Policy

Ukrainians Are Caught Between East and West


People shout slogans and wave Ukrainian and European Union flags during an opposition rally at Independence Square in Kiev on Dec. 2

Photograph by Genya Savilov/AFP via Getty Images

People shout slogans and wave Ukrainian and European Union flags during an opposition rally at Independence Square in Kiev on Dec. 2

Ukrainians are asking for change—but are they willing to pay the price?

That’s the question as anti-government protests enter their second week, with demonstrators demanding that President Viktor Yanukovych approve a trade agreement with the European Union. It’s reminiscent of the so-called Orange Revolution in December 2004, when Ukrainians poured into the streets to celebrate after results of a rigged presidential election were thrown out and a pro-reform government installed. But the new government backed away from its promises, and Ukraine today remains Europe’s worst economic basket case.

Sadly, the current unrest isn’t likely to change that—unless Ukrainians and their government get serious about reforms that would bring them closer to their more prosperous European neighbors.

Yanukovych, for his part, has strong incentives to steer clear of an EU deal in favor of closer ties with Russia. Moscow is offering cheaper natural gas to Ukraine as an incentive. Yanukovych, who plans to seek reelection in 2015, is eager to keep a lid on fuel prices.

By contrast, the EU agreement would require Ukrainians to make sacrifices. “In the absence of any evidence of economic reform, we will not be drawn into a meaningless bidding war over Ukraine’s future,” the foreign ministers of Poland and Sweden said in a joint statement on Dec. 1.

The reforms being sought by Europe would likely lead to an increase in energy prices, cuts in government spending, and a currency devaluation—all of which, in the short term, would make life harder for most Ukrainians. The payoff, including reduced budget and trade deficits and a more-vibrant private sector, would take years.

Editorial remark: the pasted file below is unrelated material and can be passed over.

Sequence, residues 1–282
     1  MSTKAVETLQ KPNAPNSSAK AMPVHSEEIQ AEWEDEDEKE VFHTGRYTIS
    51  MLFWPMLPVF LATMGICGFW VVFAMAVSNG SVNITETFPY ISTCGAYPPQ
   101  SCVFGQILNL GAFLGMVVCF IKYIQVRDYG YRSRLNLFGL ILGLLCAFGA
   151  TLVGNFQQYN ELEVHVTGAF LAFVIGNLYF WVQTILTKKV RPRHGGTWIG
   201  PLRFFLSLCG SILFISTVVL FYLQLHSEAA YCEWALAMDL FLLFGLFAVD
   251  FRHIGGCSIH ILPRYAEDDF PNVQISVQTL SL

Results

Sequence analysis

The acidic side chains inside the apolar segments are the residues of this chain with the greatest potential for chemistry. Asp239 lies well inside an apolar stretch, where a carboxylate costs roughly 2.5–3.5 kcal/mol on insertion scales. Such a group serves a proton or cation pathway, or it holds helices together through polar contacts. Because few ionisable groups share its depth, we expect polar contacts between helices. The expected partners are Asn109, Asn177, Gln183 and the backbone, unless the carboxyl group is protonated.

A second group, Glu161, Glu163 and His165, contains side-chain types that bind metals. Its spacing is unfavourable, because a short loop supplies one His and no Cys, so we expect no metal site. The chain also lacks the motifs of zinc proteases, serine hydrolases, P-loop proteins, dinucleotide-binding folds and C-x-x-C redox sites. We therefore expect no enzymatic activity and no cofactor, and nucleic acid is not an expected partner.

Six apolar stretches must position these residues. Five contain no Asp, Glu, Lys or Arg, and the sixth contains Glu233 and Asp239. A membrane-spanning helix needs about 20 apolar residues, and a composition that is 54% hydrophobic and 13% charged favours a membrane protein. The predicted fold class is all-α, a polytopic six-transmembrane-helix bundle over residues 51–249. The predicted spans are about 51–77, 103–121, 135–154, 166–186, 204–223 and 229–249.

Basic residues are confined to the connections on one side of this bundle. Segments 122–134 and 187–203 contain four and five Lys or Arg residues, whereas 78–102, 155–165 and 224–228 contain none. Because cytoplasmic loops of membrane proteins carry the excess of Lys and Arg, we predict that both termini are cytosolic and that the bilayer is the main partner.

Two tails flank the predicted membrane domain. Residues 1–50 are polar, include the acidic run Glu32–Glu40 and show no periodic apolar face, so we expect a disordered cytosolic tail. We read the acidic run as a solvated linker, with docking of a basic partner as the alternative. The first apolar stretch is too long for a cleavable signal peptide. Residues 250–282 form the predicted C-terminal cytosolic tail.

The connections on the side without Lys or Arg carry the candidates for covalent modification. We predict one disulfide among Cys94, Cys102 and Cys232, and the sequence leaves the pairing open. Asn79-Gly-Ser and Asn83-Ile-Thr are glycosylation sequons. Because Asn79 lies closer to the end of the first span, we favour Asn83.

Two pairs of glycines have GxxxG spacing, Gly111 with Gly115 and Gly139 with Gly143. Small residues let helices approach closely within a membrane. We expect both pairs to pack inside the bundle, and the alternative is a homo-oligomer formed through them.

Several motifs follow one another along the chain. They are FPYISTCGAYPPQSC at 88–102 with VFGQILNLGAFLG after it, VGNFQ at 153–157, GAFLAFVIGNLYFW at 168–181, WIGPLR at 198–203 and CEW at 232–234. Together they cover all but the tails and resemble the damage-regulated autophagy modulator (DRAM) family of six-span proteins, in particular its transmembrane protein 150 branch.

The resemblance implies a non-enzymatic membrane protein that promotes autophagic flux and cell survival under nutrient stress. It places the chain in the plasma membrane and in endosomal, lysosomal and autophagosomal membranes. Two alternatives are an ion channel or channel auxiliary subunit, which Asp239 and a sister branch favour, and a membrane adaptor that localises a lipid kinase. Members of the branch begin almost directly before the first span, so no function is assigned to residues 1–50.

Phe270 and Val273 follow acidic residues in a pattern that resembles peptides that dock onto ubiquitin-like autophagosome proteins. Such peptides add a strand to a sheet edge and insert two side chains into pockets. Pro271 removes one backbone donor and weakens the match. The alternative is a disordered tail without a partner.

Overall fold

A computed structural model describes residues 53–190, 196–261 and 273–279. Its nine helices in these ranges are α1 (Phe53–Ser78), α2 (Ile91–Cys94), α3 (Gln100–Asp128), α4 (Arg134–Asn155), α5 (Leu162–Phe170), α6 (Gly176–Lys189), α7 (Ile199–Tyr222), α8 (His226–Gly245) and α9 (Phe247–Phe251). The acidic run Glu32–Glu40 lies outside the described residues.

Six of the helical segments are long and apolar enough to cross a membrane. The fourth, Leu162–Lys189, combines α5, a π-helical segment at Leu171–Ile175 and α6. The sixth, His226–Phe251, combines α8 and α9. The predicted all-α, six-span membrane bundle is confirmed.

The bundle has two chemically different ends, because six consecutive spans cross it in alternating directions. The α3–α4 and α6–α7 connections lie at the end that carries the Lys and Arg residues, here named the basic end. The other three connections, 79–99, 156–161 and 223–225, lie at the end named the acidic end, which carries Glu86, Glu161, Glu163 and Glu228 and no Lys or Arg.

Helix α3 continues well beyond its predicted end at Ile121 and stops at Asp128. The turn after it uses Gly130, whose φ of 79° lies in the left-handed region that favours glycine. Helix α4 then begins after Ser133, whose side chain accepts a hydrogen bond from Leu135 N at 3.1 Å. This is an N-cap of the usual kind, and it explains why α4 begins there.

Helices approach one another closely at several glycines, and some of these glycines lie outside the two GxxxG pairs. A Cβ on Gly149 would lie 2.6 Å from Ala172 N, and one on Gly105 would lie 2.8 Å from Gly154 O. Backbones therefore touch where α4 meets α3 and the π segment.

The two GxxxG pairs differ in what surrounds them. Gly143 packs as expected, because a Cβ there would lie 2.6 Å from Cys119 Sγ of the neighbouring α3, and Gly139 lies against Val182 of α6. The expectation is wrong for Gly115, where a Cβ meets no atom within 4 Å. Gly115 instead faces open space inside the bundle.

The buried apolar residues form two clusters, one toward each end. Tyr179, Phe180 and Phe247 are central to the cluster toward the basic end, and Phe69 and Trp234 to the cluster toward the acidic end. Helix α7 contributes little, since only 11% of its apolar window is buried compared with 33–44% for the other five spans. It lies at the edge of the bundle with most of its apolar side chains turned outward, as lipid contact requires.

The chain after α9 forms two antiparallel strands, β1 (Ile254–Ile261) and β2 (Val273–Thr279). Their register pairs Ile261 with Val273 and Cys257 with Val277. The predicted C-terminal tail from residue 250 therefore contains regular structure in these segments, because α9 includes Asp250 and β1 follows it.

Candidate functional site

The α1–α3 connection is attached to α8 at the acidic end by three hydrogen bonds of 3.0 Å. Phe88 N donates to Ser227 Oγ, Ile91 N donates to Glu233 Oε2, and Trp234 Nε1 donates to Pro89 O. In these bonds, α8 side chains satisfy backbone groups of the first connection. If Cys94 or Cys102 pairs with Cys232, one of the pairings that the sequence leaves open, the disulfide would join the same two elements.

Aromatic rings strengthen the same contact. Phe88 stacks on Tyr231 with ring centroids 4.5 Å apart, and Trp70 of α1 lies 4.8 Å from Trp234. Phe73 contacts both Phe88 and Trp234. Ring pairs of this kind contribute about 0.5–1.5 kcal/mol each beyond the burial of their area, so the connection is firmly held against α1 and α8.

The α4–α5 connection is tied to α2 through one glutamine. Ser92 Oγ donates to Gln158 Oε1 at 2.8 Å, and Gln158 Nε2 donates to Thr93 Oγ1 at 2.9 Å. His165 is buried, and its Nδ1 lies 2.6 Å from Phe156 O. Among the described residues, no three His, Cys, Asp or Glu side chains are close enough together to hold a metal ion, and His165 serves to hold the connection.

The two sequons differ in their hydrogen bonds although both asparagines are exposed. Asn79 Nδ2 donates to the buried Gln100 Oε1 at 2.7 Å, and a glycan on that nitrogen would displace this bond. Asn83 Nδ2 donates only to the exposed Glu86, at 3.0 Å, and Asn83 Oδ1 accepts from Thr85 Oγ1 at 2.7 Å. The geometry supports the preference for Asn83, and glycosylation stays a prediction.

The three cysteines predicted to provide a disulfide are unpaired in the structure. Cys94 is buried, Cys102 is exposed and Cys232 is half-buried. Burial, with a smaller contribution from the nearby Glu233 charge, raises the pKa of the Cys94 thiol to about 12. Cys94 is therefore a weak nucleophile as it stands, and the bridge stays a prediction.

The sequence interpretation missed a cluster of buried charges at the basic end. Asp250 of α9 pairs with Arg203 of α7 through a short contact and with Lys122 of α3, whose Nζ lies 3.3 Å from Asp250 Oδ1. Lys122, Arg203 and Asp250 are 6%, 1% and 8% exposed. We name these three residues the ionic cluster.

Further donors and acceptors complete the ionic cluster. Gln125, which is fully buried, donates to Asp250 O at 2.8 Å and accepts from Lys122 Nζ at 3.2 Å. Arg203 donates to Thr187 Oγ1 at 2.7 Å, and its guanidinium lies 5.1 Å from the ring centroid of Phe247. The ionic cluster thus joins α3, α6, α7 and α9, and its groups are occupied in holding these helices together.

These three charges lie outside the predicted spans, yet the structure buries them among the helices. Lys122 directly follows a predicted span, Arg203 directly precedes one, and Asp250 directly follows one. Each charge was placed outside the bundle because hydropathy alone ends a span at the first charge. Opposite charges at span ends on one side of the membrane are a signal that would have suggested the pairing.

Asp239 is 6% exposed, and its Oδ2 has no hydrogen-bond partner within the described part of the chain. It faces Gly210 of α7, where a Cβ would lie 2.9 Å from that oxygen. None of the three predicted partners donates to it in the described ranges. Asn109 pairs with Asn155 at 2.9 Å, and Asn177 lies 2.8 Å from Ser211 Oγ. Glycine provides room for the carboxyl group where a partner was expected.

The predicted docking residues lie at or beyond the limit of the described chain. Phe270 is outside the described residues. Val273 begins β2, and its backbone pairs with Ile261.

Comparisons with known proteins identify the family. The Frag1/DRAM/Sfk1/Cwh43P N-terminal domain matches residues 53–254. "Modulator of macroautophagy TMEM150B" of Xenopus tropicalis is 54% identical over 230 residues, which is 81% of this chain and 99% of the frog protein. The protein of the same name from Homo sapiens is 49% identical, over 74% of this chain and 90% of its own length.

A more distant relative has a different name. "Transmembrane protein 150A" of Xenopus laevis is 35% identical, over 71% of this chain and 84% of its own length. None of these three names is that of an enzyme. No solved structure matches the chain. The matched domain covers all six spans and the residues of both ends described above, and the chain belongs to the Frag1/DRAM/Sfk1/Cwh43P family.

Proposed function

What the EU is offering in exchange is surprisingly modest. The trade deal “is not a promise of EU entry. It is not even a promise to start EU negotiations on EU membership,” says Charles Robertson, an economist at Renaissance Capital in London. Nor is the EU offering any large amount of financial assistance.

Yanukovych is betting that most Ukrainians aren’t willing to accept such a one-sided bargain. That’s understandable, considering that Ukraine is already the poorest country in Eastern Europe, after tiny Moldova.

Yet without reform, the outlook for Ukraine looks increasingly scary—even if the protests force Yanukovych to relent, or lead to new elections. “In the post-crisis world where investors exercise greater selectivity in terms of political and economic institutions, Ukraine is in a difficult position,” Jeromin Zettelmeyer, chief economist at the European Bank for Reconstruction and Development, said at a recent conference.

Indeed, the yield on Ukraine’s sovereign debt has soared this week to the highest on record, reflecting investor concerns that Ukraine will be unable to meet $15.3 billion in debt payments during the next two years.

Over the past 20 years, Ukraine has achieved “virtually no convergence with advanced economies,” Zettelmeyer said. “Without reforms, it will likely fall even further behind.”

Matlack is a Paris correspondent for Bloomberg Businessweek.

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